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Diamond Color

Although there are people who will be more color-sensitive than others, most people simply cannot tell the difference between two diamonds one color grade apart.

In fact, the reason why the Cape series (D-Z) diamonds are graded from the side is because it is too difficult to distinguish colour from the face-up view. So for those of you that only care about face-up view, this fact should give you some reassurance.

Why are colorless diamonds more valuable?

A cubic zirconia (CZ) that sells for a few dollars a carat is a perfect D-color. But this characteristic alone doesn’t make CZ more valuable than diamond, so it must not be the ability of diamond to be absolutely colorless that gives it this value.

The simple answer is that a diamond without color is naturally more rare than diamonds with a slight yellow tint. To give you an idea of how rare D-color diamonds are, it is believed that D-E color diamonds together make up less than 2% of all diamonds.

The color in a diamond is due to nitrogen impurities that were in the diamond as it formed in the earth. D-colored diamonds have so few impurities that they have a negligible effect on the diamond. There are even diamonds with no nitrogen impurities at all. These are type-2a diamonds and are most often D in color.

Actually, there are diamonds from the Golconda mines in Southern India, long mined out, that are D+ in color, or “whiter than white”. These diamonds are usually natural type-2a and have the welcome side-effect of typically being very large diamonds. These diamonds are not obtainable unless through auction and are extremely expensive.

Another reason why you might not want a type-2a diamond is that these are the diamonds that are good candidates for color treatment using high pressure and high temperature (HPHT).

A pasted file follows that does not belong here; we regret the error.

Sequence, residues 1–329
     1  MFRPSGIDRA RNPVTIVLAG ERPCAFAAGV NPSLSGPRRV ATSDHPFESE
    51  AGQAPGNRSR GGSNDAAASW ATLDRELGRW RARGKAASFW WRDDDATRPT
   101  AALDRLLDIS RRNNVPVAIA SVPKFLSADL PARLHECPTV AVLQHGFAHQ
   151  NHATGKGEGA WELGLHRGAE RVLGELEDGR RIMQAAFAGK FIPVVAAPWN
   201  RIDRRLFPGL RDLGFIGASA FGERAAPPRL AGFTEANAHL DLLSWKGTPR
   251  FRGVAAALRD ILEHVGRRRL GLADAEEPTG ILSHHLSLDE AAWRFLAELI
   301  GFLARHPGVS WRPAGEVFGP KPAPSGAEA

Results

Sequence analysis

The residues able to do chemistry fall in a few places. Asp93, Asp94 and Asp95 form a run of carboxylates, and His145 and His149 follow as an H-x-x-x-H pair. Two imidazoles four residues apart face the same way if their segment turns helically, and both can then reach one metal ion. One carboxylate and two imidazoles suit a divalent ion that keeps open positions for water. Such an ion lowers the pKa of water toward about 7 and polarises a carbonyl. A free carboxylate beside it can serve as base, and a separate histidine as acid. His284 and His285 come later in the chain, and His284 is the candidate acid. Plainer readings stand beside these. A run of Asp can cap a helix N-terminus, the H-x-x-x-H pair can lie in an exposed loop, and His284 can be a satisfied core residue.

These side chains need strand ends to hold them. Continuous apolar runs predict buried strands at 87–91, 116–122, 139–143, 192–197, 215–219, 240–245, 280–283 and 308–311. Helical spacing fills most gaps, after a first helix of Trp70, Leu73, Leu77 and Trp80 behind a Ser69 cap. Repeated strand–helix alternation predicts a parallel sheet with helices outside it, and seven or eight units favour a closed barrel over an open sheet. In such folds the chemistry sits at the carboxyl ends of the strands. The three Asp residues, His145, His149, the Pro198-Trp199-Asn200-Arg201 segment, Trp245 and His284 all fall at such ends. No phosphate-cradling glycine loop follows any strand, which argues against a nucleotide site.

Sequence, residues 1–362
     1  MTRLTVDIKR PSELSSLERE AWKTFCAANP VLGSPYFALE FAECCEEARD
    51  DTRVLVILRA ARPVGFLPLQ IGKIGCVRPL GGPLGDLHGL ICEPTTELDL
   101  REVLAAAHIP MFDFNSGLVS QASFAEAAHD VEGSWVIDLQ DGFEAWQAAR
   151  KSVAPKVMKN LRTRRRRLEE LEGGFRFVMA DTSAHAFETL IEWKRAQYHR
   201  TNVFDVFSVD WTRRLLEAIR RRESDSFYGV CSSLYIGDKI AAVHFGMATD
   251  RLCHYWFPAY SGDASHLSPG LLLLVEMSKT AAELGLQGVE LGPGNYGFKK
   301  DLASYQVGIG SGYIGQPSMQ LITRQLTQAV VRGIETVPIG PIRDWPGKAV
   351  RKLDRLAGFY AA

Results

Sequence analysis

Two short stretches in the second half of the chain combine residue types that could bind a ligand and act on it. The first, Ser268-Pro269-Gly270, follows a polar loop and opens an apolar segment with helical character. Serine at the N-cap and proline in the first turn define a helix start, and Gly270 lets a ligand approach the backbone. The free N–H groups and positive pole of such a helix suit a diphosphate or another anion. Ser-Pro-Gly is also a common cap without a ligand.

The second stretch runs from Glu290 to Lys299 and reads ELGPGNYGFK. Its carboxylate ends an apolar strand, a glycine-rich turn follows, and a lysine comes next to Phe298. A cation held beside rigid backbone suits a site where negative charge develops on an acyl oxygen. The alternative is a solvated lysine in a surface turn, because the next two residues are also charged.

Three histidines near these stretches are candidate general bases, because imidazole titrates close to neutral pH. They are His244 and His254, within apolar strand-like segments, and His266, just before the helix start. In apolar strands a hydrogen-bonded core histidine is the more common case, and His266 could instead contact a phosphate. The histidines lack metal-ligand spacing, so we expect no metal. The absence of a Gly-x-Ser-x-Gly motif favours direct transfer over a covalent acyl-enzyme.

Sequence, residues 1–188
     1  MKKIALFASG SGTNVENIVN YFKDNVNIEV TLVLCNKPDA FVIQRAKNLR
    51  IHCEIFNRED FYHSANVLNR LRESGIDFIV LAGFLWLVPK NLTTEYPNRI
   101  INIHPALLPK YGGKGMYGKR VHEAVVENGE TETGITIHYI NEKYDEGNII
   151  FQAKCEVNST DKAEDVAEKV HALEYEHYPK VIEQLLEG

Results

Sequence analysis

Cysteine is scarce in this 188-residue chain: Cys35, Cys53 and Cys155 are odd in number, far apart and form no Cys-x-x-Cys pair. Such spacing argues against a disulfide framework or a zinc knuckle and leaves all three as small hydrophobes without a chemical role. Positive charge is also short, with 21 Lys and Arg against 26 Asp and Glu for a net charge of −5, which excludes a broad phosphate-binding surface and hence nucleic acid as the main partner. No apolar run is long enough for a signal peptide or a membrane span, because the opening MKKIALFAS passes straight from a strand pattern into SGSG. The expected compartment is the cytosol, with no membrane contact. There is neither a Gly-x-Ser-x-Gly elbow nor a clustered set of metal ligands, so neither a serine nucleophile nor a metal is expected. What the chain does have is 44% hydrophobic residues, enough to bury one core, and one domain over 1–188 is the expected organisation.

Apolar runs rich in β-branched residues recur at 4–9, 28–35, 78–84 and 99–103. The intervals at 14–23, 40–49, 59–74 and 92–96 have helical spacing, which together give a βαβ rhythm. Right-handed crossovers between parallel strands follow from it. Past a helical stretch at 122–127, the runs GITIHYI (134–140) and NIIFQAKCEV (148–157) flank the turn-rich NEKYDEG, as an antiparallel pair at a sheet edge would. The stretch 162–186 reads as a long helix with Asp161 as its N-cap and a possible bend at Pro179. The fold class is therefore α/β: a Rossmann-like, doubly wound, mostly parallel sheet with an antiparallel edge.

GIA lab reports will show that the color of the diamond is undetermined when they come across a diamond that they cannot be certain has not been through the HPHT color enhancement process. This means that you can never be certain whether your diamond was naturally a D+ color diamond or one that was color enhanced. 

It is said that D-color diamonds are special because these are diamonds that are obtainable and have the least amount of nitrogen impurities among all natural type-1a diamonds. The reasoning behind the letter D was so that the GIA could differentiate its ‘new’ grading system from the other grading systems at the time that used the letters A, B, and C.


Another thing about diamond color that people tend to be concerned with is whether a diamond graded by one lab would be graded the same by another lab. The truth is some labs are more lenient than others and can grade diamond color by two or more grades lower than labs with reputations for being strict. 

What diamond consumers should know is that when you purchase a diamond certified by the GIA or EGL (European Gemological Laboratory), you usually get that you pay for. GIA is known for being strict in their color grading. EGL on the other hand is known for being not. There is no point in expecting that a EGL graded D-color will be equivalent to a GIA graded D-color.

The reality is that no diamond is guaranteed to be graded the same if graded by the same lab twice, let alone two different labs. You should always get a diamond checked by a trusted independent appraiser to verify its color grade after purchase.

At the end of the day, if you want a GIA graded D-color, then you should buy a GIA certified diamond.

High and Low Color Grades

You may not be aware, but if you are using a colorimeter to measure a diamond’s color, it will output whether a diamond is a high, medium, or low within that color grade. That means that a high G-color diamond is closer to an F-color and a low G-color is closer to an H-color.